Invented in the early 18th century by Johann Joseph Fux, species counterpoint was one of the two pillars of music composition training in the Northern European tradition (the other being the discipline of thoroughbass). The Species Counterpoint Online project is based on the version of classically tonal species counterpoint developed by Peter Westergaard at Princeton University in the 1970s.
Westergaardian Species Counterpoint Online
Species counterpoint is a method for learning to construct and combine simple melodic lines in simple musical textures, absent the complications of harmony and motivic repetition. The method is designed as a series of experiments in which melodies are constructed and combined according to a set of rules. The rules function like a melodic and contrapuntal grammar, and the experiments are like simple sentences in the language of tonal music. The rules ensure that the melodies and their contrapuntal combination possess specific properties. The rules for constructing melodies, for example, define the conditions under which a linear succession of tones can be interpreted as projecting a single triad, by ruling in all possible ways of projecting one triad and ruling out all successions that unambiguously project a change of triad or defy interpretation in terms of a triad. These rules approximate a definition of what it means for a melody to be “in such-and-such a key.” Together they constitute a rudimentary musical syntax.
Species counterpoint played a central role in the training of composers such as Mozart, Beethoven, and Brahms. It is also a means for gaining explicit insight into some of the most basic cognitive abilities and structures that constitute competence in classically tonal music. Species counterpoint is in this sense the grammar school of classically tonal music. As Westergaard put it, the goal is to acquire “the ability to understand the complex and varied voice-leading patterns of actual eighteenth- and nineteenth-century music in terms of the simpler patterns available under the artificial constraints of species counterpoint.”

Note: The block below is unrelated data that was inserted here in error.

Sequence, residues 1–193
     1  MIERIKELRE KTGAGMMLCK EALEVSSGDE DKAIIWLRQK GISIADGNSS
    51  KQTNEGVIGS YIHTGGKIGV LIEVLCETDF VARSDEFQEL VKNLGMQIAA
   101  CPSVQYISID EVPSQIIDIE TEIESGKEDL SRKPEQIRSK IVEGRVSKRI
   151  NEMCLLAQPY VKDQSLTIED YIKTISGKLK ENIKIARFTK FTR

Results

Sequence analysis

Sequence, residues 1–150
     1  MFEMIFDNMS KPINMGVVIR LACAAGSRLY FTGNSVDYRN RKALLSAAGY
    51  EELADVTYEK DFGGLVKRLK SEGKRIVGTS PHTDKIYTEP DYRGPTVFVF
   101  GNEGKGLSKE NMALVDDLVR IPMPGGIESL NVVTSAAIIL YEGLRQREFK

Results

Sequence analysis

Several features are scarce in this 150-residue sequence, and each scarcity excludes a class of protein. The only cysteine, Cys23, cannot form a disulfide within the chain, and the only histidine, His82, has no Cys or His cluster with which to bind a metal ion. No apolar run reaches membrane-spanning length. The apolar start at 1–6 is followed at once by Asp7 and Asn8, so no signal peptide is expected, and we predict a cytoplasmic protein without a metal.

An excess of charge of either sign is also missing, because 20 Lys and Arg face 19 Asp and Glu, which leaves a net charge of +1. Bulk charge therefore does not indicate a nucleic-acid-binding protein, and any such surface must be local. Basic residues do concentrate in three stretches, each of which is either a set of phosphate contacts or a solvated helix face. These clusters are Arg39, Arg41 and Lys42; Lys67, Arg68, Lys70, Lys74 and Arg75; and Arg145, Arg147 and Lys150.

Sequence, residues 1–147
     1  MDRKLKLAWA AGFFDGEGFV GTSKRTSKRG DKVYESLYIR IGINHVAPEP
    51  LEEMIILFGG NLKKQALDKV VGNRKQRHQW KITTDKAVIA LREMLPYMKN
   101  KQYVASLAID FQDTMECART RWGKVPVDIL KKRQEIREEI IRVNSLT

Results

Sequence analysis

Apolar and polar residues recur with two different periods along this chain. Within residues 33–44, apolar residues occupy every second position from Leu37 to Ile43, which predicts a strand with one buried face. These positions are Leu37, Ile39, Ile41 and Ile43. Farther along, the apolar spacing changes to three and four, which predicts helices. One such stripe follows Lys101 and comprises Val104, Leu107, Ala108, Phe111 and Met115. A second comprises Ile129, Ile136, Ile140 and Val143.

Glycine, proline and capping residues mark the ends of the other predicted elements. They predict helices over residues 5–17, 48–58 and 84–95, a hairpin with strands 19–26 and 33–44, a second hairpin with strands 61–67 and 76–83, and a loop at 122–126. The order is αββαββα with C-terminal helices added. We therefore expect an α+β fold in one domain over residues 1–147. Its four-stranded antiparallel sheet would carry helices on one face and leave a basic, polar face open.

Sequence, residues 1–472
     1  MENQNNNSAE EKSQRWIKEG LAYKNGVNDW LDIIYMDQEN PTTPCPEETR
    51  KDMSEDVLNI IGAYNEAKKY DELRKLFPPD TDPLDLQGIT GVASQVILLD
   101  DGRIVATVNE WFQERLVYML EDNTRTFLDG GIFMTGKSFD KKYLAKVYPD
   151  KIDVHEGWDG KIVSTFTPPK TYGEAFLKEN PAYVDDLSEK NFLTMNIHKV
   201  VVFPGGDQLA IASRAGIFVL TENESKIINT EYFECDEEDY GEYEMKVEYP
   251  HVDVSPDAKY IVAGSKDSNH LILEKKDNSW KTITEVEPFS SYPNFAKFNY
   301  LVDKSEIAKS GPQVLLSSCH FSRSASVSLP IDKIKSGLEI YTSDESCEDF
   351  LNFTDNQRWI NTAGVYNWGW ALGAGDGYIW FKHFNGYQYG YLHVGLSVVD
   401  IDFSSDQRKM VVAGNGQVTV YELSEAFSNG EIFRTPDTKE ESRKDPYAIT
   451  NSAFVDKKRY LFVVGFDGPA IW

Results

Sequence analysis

Westergaardian Species Counterpoint Online has two components: one pedagogical, the other theoretical.
The pedagogical component of the project is a web-based application in which students can compose species counterpoint and test whether their compositions conform to Westergaard’s rules for linear structure and contrapuntal combination.
The theoretical component is a software engine, called WesterParse in honor of Peter Westergaard’s seminal contribution to the theory of contrapuntal cognition. Think of some simple tunes, such as “Twinkle, Twinkle, Little Star” or “Hot Cross Buns.” As listeners, we have a sense of what makes such utterances complete. And we have a sense of how the notes function in the melodies: some notes are stable points, others are transitional, leading from here to there; some seem to have a sense of finality, and others do not. These are functions that we attribute to the notes as we hear the tunes. The goal of WesterParse is to represent how a hypothetical listener attributes syntactic structure to simple tonal lines, in a way that can be implemented by a computer. WesterParse is written in Python and uses the music21 toolkit.